In May 2020, Governor Greg Abbott announced a three-phase plan to reopen the State of Texas as COVID-19 cases in the state began leveling off.  However, in June 2020, Governor Abbott paused his plan due to an increase in the number of reported cases in the state.  On September 17, 2020, the Governor hosted a press conference at which he announced the resumption of his plan and the relaxing of many COVID-19-related restrictions by issuing two new executive orders: GA-30 and GA-31.

Executive Order GA-30: most businesses may operate at 50% capacity or higher

With GA-30, Governor Abbott declared that the new standard for business operations is 50% capacity.  Some exceptions to this rule exist, which may increase or decrease an establishment’s allowed capacity.

The following establishments may operate at 100% capacity:

  • “Essential Services” as defined by the U.S. Department of Homeland Security’s Cybersecurity and Infrastructure Security Agency (CISA) in its guidance on the Essential Critical Infrastructure Workforce, Version 4.0. That guidance document can be found here.
  • Religious services of all kinds, including those conducted inside houses of worship;
  • Local government operations;
  • Child-care services;
  • Youth camps, including all summer camps and other daytime and overnight camps for youth;
  • Recreational sports programs for youths and adults;
  • Any public or private schools, including institutions of higher education; and
  • Drive in concerts, movies, and similar events that facilitate social distancing and generally require spectators to remain in their vehicles.

The following establishments may also operate at 100% capacity if they can operate with at least six feet of social distancing between work stations.  If this is not possible, these businesses must operate at 50% capacity:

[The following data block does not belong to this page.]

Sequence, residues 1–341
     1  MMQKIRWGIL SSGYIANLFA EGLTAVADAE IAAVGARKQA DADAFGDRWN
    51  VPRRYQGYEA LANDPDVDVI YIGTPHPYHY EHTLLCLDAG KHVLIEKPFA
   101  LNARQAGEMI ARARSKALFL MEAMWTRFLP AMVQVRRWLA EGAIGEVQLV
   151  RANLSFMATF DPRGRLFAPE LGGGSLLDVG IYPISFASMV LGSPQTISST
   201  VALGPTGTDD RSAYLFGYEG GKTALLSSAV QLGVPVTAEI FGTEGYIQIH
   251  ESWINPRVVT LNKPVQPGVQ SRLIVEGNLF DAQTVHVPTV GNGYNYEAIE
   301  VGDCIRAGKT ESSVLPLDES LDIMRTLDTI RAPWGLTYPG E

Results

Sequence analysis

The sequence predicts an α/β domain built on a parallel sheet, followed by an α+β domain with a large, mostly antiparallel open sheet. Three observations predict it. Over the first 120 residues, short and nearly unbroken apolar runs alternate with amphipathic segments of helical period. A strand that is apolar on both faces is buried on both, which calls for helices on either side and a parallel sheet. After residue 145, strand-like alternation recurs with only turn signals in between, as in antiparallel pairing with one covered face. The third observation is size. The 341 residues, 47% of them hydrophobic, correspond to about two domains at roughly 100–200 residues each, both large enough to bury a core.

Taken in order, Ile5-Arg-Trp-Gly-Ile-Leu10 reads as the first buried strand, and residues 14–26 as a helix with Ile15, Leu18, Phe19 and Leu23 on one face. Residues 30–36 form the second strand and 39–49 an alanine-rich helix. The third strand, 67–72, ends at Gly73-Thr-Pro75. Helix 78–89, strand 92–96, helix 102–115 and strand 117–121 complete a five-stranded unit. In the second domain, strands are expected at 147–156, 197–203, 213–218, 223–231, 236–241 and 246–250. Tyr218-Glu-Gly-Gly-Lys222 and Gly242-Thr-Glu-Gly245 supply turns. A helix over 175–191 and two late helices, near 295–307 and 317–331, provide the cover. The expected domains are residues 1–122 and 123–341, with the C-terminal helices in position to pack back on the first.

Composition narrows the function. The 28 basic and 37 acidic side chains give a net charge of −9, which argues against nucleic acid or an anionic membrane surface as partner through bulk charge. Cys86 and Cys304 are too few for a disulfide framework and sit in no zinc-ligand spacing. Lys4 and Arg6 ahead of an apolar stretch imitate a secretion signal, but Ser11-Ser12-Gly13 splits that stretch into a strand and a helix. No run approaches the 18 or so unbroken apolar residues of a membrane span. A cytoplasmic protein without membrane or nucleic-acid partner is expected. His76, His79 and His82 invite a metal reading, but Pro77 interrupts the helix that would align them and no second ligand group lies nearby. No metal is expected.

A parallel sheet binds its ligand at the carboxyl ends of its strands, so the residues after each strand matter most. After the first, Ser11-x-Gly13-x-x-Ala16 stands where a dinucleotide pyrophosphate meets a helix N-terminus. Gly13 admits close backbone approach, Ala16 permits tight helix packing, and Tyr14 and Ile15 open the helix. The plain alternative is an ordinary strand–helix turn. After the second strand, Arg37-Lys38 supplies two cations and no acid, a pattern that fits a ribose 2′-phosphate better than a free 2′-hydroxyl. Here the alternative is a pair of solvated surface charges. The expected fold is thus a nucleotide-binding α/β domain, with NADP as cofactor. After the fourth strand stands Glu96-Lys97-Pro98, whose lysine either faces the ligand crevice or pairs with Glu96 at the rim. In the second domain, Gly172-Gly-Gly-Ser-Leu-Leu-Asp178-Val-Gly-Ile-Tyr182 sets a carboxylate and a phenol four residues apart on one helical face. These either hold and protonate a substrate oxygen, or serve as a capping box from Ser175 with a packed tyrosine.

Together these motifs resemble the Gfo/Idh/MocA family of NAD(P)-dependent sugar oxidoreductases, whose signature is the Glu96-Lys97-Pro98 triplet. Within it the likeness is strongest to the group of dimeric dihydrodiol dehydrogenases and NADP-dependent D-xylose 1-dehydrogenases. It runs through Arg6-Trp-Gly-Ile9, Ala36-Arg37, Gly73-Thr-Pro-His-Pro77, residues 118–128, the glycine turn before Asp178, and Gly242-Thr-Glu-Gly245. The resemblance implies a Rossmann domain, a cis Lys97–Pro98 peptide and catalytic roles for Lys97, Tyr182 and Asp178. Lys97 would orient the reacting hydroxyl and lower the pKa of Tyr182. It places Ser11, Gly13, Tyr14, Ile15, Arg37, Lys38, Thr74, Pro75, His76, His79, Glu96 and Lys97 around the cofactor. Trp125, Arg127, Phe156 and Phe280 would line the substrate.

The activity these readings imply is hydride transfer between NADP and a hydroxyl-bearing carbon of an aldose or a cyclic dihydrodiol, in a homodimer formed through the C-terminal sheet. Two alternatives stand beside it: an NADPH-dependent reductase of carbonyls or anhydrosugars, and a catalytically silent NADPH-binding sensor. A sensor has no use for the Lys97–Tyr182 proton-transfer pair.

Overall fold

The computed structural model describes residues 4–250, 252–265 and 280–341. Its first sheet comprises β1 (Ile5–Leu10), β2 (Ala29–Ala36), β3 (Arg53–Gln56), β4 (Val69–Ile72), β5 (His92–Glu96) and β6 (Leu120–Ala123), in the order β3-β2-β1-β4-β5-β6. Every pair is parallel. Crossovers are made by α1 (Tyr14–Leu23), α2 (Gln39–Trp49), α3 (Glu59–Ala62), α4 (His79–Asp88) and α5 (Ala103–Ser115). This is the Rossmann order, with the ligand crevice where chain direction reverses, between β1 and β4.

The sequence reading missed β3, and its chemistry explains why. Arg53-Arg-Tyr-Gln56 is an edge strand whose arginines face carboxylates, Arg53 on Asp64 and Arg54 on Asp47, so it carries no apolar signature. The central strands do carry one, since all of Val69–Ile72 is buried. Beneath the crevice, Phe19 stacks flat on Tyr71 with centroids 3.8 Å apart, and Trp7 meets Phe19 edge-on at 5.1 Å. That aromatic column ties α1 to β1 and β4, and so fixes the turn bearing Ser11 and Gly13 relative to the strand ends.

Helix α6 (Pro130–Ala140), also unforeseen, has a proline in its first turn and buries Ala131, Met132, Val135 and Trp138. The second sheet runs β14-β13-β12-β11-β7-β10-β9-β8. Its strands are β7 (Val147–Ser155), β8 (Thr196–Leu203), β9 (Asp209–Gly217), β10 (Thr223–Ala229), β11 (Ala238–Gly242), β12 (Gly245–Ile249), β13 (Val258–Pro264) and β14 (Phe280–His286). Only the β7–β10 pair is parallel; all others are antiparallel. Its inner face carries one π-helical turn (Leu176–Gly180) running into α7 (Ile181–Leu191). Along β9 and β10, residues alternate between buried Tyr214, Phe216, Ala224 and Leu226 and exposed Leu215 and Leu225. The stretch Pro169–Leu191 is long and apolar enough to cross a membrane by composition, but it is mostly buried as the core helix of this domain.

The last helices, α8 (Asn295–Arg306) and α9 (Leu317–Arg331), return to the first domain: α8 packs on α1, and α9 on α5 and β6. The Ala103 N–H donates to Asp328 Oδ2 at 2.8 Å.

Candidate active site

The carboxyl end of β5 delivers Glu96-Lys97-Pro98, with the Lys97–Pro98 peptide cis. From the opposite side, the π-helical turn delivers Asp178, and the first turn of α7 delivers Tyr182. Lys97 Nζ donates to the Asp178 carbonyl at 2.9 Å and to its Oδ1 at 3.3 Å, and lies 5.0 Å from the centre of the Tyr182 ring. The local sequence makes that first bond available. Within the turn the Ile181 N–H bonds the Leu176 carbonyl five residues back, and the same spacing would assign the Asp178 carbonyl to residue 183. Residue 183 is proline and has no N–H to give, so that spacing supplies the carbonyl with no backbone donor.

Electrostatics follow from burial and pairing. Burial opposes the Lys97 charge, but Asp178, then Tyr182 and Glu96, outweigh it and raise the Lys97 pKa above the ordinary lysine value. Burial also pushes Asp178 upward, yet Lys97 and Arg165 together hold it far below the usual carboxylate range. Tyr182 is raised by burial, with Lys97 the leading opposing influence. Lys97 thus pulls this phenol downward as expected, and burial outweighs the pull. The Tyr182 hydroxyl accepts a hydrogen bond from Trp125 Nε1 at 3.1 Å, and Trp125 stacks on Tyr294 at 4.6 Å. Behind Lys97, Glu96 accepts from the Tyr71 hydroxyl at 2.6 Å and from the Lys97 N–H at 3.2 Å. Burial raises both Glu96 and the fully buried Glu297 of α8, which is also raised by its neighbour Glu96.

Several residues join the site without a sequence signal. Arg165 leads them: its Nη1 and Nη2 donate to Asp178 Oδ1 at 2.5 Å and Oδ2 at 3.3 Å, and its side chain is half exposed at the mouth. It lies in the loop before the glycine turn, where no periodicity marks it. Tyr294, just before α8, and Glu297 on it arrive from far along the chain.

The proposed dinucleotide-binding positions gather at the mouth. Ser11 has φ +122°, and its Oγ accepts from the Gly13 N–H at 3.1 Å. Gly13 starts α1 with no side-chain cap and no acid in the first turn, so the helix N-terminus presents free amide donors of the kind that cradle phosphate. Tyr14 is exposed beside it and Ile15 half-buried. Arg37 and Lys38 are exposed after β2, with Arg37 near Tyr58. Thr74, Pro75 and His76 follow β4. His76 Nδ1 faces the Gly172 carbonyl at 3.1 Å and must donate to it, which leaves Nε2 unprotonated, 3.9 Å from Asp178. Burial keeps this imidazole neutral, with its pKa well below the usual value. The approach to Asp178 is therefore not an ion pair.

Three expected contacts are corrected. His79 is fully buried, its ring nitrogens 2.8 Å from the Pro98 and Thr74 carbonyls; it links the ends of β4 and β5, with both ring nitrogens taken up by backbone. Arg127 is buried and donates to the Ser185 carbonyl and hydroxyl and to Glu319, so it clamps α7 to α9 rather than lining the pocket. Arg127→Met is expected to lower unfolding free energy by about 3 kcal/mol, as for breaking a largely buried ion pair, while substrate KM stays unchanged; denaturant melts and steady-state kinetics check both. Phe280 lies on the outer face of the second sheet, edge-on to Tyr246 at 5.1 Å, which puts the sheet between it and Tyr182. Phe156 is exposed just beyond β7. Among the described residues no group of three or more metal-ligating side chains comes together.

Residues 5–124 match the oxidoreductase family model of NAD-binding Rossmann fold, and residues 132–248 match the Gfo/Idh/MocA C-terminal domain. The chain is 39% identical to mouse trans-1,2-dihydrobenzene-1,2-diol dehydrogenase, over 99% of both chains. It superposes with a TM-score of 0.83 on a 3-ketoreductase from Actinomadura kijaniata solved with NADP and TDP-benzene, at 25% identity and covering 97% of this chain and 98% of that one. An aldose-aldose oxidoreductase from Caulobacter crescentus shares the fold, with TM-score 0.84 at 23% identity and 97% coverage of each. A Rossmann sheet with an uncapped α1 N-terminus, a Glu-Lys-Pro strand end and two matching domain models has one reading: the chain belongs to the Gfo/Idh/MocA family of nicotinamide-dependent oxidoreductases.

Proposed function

• Cosmetology salons, hair salons, barber shops, nail salons, and the like;
  • Massage establishments; and
  • Other personal care and beauty services including tanning salons, tattoo and piercing studios, hair removal services, and hair loss and growth services.

The following establishments may operate at 75% of their stated capacity unless they are in an area of high hospitalizations, in which case they must operate at 50% capacity.  A current list of areas of high hospitalizations can be found here.

  • In-store retail businesses;
  • Dine-in restaurants who gain less than 51% of their gross receipts from the sale of alcohol and whose customers only eat or drink while seated;
  • Office buildings;
  • Manufacturers;
  • Museums and libraries; and
  • Gyms and exercise facilities and classes.

Certain establishments and activities remain prohibited or must remain closed.  Those include:

  • Outdoor gatherings in excess of 10 people, except those allowed by the above provisions (e.g. worship services, recreational programs) or those for which the Mayor or County Judge approves such a gathering and it is otherwise consistent with the remainder of GA-30;
  • Bars, though they may continue to utilize drive-thru, pickup, and delivery options for food and alcohol as allowed by Texas Alcoholic Beverage Commission (TABC); and
  • Commercial rafting or tubing services.